• Straight-Through Mufflers offer a way to reduce noise levels without worrying about clogging. They have an aluminum shell lined with sound absorbing foam, and they can reduce the noise level by 20 dB.  EXAIR offers them with two ports from ¼” NPT to ¾” NPT.  This can allow you to connect other items like blowing hose kits while reducing noise.
  • Heavy Duty Mufflers have an outer aluminum shell with an internal stainless steel screen that can protect the components from environmental contamination, and can also keep contaminant like rust from being ejected at high speed into the work area. They have a typical noise reduction of 14 dB.

Pneumatic Valves:

  • Manual Valves allow for operators to turn on and off their system by hand. The full-flow ball valves range from ¼” NPT to 1 1/4” NPT in size and will not restrict flow.  EXAIR also offers a manual foot pedal valve for hands-free operations.  This ¼” NPT foot valve has a 3-way operation and works great if the operator has to use both hands in their process.
  • Solenoid Valves are a way to turn on and off the supply of compressed air electrically for automated systems. We offer solenoids in three different voltages; 110Vac, 240Vac, and 24Vdc.  EXAIR has a large range of flows with ports ranging from ¼” NPT to 1” NPT.  All models are UL listed and are CE and RoHS compliant.

Hardware:

EXAIR’s Swivel Fitting Family
  • Swivel Fittings are a great way to securely install and aim EXAIR nozzles. They are dynamic as they can be adjusted and set to a flow direction with 50-degrees of movement.  They are made from 303SS or 316SS for corrosion resistance with ports ranging from 4mm to 1” NPT.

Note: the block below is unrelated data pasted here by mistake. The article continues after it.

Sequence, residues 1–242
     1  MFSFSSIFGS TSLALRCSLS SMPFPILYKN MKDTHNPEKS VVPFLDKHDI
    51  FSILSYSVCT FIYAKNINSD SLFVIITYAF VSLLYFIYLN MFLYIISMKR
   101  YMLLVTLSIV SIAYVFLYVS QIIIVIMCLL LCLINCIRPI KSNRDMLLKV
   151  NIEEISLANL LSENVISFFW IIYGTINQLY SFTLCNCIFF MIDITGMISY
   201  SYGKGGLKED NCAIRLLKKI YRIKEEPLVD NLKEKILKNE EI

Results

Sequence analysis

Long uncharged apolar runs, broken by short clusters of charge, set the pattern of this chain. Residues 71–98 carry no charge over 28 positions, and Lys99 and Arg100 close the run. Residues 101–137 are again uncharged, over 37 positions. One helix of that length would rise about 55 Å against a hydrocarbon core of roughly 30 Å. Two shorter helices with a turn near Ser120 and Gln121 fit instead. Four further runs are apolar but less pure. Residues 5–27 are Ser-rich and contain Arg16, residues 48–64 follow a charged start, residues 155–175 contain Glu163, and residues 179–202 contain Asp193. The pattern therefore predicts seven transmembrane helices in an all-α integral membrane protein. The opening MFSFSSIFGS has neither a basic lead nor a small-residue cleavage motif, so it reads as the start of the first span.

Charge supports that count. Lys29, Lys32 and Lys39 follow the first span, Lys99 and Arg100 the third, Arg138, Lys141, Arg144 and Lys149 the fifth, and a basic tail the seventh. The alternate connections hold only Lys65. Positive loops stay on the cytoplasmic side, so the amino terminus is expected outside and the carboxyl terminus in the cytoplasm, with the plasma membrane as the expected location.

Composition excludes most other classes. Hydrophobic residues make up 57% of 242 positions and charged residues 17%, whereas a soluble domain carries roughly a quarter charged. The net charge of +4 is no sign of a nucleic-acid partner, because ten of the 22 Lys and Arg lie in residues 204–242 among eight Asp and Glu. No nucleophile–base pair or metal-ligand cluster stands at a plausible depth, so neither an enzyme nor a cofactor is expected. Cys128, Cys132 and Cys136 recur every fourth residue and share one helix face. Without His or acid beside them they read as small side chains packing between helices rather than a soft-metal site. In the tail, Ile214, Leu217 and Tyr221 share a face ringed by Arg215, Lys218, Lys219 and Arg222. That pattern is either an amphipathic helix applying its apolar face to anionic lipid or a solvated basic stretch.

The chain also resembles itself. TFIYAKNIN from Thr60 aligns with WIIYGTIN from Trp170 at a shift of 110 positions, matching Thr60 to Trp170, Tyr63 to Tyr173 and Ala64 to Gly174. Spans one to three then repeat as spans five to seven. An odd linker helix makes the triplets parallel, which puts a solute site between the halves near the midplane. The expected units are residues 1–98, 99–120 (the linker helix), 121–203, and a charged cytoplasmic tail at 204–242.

• Compressed Air Fittings are a nice arrangement to connect different compressed air items together. We offer a range of hex and close nipples, couplings, reducers, tees, elbows, crosses and bulk head fittings.  If you need a quick way to connect directly to your pneumatic system, we may have it on the shelf.

    Model 9043
  • Magnetic Bases are designed for a solid mount to steel surfaces and for easy portability of your blow-off system to different locations. It has a 100 lb. (45.5Kg) pulling force to keep the blowing device attached firmly until you want to move it.  They can be mounted in a vertical or horizontal position.  EXAIR offers a single outlet Magnetic Base (for one blow-off device); a dual outlet Magnetic Base (for multiple blowing products); and a single outlet Swivel Magnetic Base (to offer more flexibility to orientation).  The bases come with a ¼ turn shut-off valve to easily turn on and off the compressed air to the EXAIR products.
  • Receiver Tanks are used to store compressed air. They can be used at the air compressor or as secondary reservoirs for intermittent demand.  They help your compressed air system with pressure variations and high demand loads.  EXAIR offers a model 9500-60 Receiver Tank that has a 60 gallon capacity and is rated to 200 PSIG.  It meets the ASME pressure vessel code.

    Universal Air Mounting Kit
  • Universal Air Knife Mounting System gives you a way to mount the EXAIR Super Air Knife, Full-Flow Air Knife, and Standard Air Knife. This kit is used to position your air knife securely and precisely.  It comes with a bracket and an articulated arm that can reach up to 30” (762mm).  You can orientate the air knives in any position to maximize the effectiveness.

    Plumbing Kits
  • Plumbing Kit, or PKI, is a great tool for longer Super Air Knives to help attach your compressed air system. They are designed to help lessen the time for install as well as to properly supply compressed air equally along the entire length, specifically for 24” (610mm) and longer.  We can offer the Plumbing Kit separately if you find that it could benefit your fabricators during installation.
  • Coupling Kits are designed to attach Aluminum and Stainless Steel Super Air Knives if you need to extend past the 108” (2,743 mm) width. Coupling Kits will mount the air knives together end to end.